Steelmaking.ca Home Steel Making Categories Manufacturing and the Economy of Machinery

Steel Making

High Speed Steel
For centuries the secret art of making tool steel was handed ...

Chrome-nickel Steel
Forging heat of chrome-nickel steel depends very largely on ...

High-carbon Machinery Steel
The carbon content of this steel is above 30 points and is ha...

Quality And Structure
The quality of high-speed steel is dependent to a very great ...

High-chromium Or Rust-proof Steel
High-chromium, or what is called stainless steel containing f...

Restoring Overheated Steel
The effect of heat treatment on overheated steel is shown gra...

Forging High-speed Steel
Heat very slowly and carefully to from 1,800 to 2,000 deg.F....

Placing The Thermo-couples
The following illustrations from the Taylor Instrument Compan...

The Modern Hardening Room
A hardening room of today means a very different place from ...

Nickel
Nickel may be considered as the toughest among the non-rare a...

Rate Of Absorption
According to Guillet, the absorption of carbon is favored by ...

Process Of Carburizing
Carburizing imparts a shell of high-carbon content to a low-...

The Pyrometer And Its Use
In the heat treatment of steel, it has become absolutely nece...

Composition And Properties Of Steel
It is a remarkable fact that one can look through a dozen tex...

Annealing Of Rifle Components At Springfield Armory
In general, all forgings of the components of the arms manufa...

Steel Worked In Austenitic State
As a general rule steel should be worked when it is in the a...

Machineability
Reheating for machine ability was done at 100 deg. less than ...

Judging The Heat Of Steel
While the use of a pyrometer is of course the only way to hav...

Composition Of Transmission-gear Steel
If the nickel content of this steel is eliminated, and the pe...

The Electric Process
The fourth method of manufacturing steel is by the electric f...



Chromium






Category: ALLOYS AND THEIR EFFECT UPON STEEL

Chromium when alloyed with steel, has the characteristic function
of opposing the disintegration and reconstruction of cementite.
This is demonstrated by the changes in the critical ranges of this
alloy steel taking place slowly; in other words, it has a tendency
to raise the Ac range (decalescent points) and lower the Ar
range (recalescent points). Chromium steels are therefore capable
of great hardness, due to the rapid cooling being able to retard
the decomposition of the austenite.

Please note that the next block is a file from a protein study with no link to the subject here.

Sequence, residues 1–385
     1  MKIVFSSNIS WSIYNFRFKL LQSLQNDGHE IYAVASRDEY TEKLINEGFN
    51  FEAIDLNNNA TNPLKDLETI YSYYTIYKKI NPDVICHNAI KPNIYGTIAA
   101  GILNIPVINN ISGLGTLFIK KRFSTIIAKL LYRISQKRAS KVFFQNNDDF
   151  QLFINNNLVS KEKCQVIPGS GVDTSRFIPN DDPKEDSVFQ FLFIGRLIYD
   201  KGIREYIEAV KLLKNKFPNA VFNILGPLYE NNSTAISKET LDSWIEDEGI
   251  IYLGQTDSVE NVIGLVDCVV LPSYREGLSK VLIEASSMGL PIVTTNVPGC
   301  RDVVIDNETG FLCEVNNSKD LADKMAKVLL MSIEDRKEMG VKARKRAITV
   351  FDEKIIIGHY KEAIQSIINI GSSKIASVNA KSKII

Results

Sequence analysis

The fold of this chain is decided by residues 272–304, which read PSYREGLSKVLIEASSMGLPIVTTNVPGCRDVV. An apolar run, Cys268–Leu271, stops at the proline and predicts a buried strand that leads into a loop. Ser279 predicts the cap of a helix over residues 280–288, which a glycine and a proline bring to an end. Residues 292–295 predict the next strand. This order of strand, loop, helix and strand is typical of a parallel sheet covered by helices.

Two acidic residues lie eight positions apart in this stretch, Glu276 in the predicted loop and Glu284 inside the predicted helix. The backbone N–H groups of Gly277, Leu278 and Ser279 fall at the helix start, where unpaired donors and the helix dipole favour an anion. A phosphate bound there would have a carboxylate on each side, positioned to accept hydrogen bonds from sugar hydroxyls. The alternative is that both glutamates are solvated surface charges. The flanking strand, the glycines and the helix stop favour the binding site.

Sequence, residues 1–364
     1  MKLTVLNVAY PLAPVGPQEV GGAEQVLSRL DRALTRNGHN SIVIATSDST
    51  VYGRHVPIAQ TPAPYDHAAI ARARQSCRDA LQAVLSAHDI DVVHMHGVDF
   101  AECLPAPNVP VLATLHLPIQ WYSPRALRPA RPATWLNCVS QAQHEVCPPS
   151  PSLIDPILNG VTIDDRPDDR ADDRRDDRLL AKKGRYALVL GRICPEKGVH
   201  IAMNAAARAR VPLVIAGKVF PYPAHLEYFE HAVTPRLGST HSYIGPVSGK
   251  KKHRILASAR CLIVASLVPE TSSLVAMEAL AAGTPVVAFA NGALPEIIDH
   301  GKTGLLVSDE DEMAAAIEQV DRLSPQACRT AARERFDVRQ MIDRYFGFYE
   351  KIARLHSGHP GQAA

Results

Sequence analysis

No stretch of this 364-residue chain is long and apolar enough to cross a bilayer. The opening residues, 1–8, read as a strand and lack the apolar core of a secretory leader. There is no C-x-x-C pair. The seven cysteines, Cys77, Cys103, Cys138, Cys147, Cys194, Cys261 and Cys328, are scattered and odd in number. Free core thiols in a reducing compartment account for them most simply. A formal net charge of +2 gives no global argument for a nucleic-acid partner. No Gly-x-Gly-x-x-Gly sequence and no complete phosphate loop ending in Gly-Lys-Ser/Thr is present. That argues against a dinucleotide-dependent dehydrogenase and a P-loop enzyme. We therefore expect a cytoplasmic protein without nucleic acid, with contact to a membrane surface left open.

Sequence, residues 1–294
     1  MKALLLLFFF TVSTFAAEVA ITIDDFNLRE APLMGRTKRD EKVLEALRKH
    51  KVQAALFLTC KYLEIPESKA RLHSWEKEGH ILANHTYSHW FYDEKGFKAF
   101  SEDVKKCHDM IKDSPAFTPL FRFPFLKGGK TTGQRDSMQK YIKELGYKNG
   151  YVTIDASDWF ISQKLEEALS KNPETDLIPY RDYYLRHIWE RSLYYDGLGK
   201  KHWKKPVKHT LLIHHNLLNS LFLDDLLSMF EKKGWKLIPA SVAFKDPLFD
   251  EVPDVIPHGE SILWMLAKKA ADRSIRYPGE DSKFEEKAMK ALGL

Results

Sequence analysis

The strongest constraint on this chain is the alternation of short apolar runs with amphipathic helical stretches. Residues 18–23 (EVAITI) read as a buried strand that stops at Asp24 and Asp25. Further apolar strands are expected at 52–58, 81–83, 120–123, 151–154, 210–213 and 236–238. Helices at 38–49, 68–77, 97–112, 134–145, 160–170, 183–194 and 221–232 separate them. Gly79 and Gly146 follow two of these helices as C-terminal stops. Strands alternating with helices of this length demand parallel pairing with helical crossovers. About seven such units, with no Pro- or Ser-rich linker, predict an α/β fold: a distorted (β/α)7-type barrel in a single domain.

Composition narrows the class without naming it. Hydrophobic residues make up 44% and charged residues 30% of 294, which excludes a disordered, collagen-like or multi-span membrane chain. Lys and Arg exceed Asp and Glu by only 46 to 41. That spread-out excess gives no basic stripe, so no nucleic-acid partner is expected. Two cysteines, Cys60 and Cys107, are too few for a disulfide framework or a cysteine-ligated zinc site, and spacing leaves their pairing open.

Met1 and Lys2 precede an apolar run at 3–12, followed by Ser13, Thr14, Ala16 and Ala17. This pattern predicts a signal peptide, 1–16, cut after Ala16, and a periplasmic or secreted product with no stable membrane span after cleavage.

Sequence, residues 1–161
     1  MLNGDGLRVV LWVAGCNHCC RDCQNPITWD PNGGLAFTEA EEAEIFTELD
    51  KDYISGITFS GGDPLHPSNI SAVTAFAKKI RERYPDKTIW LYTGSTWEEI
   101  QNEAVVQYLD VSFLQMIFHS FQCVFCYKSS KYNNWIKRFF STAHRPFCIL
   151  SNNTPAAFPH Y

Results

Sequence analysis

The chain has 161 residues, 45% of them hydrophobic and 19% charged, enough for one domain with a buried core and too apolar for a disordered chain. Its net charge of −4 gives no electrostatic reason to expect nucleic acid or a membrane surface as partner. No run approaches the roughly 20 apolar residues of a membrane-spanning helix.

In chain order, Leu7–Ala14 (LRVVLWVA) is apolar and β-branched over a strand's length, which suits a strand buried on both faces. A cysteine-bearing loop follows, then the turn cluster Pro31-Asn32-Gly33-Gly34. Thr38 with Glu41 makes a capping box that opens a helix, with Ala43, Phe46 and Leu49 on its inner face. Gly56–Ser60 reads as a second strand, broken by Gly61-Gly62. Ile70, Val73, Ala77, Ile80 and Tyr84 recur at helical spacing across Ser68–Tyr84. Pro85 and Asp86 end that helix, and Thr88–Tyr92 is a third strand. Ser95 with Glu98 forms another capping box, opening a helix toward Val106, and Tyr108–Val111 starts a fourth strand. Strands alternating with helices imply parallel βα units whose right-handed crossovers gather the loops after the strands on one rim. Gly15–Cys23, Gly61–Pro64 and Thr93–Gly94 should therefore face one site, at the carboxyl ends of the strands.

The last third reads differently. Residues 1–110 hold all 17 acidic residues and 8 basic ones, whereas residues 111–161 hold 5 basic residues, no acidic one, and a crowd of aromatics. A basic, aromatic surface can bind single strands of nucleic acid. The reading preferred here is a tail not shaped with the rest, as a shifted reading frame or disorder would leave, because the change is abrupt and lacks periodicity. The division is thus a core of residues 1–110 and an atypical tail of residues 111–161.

The great hardness of chromium steels is also due to the formation
of double carbides of chromium and iron. This condition is not
removed when the steel is slightly tempered or drawn. This additional
hardness is also obtained without causing undue brittleness such as
would be obtained by any increase of carbon. The degree of hardness
of the lower-chrome steels is dependent upon the carbon content,
as chromium alone will not harden iron.

The toughness so noticeable in this steel is the result of the
fineness of structure; in this instance, the action is similar
to that of nickel, and the tensile strength and elastic limit is
therefore increased without any loss of ductility. We then have
the desirable condition of tough hardness, making chrome steels
extremely valuable for all purposes requiring great resistance
to wear, and in higher-chrome contents resistance to corrosion.
All chromium-alloy steels offer great resistance to corrosion and
erosion. In view of this, it is surprising that chromium steels
are not more largely used for structural steel work and for all
purposes where the steel has to withstand the corroding action
of air and liquids. Bridges, ships, steel building, etc., would
offer greater resistance to deterioration through rust if the
chromium-alloy steels were employed.

Prolonged heating and high temperatures have a very bad effect upon
chromium steels. In this respect they differ from nickel steels,
which are not so affected by prolonged heating, but chromium steels
will stand higher temperatures than nickel steels when the period
is short.

Chromium steels, due to their admirable property of increased hardness,
without the loss of ductility, make very excellent chisels and
impact tools of all types, although for die blocks they do not give
such good results as can be obtained from other alloy combinations.

For ball bearing steels, where intense hardness with great toughness
and ready recovery from temporary deflection is required, chromium
as an alloy offers the best solution.

Two per cent chromium steels; due to their very hard tough surface,
are largely used for armor-piercing projectiles, cold rolls, crushers,
drawing dies, etc.

The normal structure of chromium steels, with a very low carbon
content is roughly pearlitic up to 7 per cent, and martensitic
from 8 to 20 per cent; therefore, the greatest application is in
the pearlitic zone or the lower percentages.





Next: Nickel-chromium

Previous: Nickel



Add to Informational Site Network
Report
Privacy
ADD TO EBOOK


Viewed 5584